87604688 The program is now being offered to all eligible home sales occurring between January 1, 2009 and April 30, 2010. In addition to the previous $8,000 refundable tax credit available to first-time home buyers, the extension includes a new provision offering a $6,500 credit to homeowners looking to relocate provided that they have lived in their current residence for a minimum of five years. It is important to note that the provision for the $6500 tax credit only applies to homes purchased after Nov. 6th 2009 and is not retroactive.

Income limit provisions

In addition, Congress has increased the income limits for the program. To qualify for the full $8000 credit, individual taxpayers cannot make in excess of $125,000 and joint filers cannot make more than $225,000. The limits under the previous credit were $75,000 for single filers and $150,000 for joint filers. However, there is still a possibility for you to qualify for a partial credit if you make slightly above these amounts. The credit is ruled completely out for single home buyers with incomes above $145,000 and $245,000 for joint filers as well as for homes bought in excess of $800,000.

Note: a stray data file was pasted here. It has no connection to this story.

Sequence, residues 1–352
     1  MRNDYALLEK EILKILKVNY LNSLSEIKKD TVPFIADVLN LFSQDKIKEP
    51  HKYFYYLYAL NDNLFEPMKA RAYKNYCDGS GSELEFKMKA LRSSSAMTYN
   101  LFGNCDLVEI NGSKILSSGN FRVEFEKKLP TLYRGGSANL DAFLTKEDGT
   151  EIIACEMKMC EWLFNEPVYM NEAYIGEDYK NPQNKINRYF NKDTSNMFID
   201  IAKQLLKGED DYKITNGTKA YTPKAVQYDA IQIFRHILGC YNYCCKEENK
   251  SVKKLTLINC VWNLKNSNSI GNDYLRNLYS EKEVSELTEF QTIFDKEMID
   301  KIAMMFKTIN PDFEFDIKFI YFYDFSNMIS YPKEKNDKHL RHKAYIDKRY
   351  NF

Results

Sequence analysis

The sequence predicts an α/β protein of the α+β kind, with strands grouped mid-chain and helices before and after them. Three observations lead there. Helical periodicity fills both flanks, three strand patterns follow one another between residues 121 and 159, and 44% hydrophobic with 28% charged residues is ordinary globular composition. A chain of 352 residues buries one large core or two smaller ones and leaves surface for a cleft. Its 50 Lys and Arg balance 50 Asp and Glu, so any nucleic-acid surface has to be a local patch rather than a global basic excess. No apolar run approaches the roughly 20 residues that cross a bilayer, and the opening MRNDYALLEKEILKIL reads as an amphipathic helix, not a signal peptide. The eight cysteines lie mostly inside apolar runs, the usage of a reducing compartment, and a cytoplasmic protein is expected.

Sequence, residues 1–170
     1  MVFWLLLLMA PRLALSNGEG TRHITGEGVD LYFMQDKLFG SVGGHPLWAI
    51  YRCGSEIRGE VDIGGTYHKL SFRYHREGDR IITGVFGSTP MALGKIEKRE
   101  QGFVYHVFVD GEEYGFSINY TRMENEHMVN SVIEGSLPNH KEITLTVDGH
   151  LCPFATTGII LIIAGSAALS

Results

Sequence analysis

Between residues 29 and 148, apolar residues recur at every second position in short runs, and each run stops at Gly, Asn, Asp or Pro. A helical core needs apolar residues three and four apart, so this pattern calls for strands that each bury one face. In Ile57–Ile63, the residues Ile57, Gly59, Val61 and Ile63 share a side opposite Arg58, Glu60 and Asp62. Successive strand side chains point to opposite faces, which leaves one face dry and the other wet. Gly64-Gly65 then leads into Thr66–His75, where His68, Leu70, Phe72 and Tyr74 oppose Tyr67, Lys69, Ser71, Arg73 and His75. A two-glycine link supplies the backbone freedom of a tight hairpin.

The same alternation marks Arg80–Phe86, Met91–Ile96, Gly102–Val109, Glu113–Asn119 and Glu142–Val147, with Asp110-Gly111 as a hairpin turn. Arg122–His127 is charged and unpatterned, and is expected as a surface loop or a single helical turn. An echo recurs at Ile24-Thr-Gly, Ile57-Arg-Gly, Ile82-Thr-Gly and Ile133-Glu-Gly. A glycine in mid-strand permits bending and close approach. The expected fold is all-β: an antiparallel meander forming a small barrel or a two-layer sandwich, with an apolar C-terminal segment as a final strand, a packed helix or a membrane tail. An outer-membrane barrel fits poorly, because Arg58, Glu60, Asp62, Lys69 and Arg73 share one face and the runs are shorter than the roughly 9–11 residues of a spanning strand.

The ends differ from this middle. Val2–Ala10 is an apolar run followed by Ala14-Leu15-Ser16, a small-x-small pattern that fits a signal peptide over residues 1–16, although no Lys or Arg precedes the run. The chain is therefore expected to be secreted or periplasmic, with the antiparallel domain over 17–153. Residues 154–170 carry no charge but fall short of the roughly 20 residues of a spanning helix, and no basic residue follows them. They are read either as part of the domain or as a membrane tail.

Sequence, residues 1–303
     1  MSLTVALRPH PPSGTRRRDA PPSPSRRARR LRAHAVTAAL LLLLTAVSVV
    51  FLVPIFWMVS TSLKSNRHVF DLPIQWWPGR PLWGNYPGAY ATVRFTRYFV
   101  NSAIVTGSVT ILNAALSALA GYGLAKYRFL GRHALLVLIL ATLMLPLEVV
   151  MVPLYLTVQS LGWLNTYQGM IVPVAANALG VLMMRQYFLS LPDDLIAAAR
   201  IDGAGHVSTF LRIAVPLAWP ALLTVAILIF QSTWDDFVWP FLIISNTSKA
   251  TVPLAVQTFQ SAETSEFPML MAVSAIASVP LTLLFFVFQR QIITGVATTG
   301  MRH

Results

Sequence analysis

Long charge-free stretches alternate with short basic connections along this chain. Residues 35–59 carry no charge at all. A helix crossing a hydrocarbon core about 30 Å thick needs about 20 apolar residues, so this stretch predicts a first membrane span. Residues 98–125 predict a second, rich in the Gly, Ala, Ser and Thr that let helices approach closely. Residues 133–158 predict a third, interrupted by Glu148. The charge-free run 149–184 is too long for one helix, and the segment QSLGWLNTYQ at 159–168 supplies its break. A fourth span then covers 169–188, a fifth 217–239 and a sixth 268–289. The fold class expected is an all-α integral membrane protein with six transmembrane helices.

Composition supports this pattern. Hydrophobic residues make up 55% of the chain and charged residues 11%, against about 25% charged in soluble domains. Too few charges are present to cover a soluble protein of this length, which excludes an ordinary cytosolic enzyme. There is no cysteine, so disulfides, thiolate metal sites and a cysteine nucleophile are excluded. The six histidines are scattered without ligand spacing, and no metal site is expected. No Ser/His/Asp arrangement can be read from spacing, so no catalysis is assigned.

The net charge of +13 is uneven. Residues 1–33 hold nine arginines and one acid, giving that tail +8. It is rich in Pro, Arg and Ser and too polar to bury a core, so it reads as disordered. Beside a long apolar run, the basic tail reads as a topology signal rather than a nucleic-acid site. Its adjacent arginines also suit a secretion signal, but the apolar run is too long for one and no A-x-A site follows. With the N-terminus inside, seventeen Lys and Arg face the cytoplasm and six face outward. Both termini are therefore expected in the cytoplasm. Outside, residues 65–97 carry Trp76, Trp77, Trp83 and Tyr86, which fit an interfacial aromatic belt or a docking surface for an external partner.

In addition, applicants cannot have owned a home as a primary residence within the last 3 years and are required to stay in the home that you are purchasing for an equal amount of time. If you sell your home within three years of the date of purchase you will be required to repay the full amount of the received credit. Also, you cannot claim either credit if you inherited or were gifted a home from a family member or loved one.

Necessary paperwork

Receiving the credit is easy- simply claim the eligible amount via form 5405 on your tax return for 2009 or file an amended return for 2008. No additional forms or paperwork are necessary. Also, depending on the lender, you can now apply the credit as a down payment on a mortgage loan.

Posted in Featured, Tax PlanningComments (2)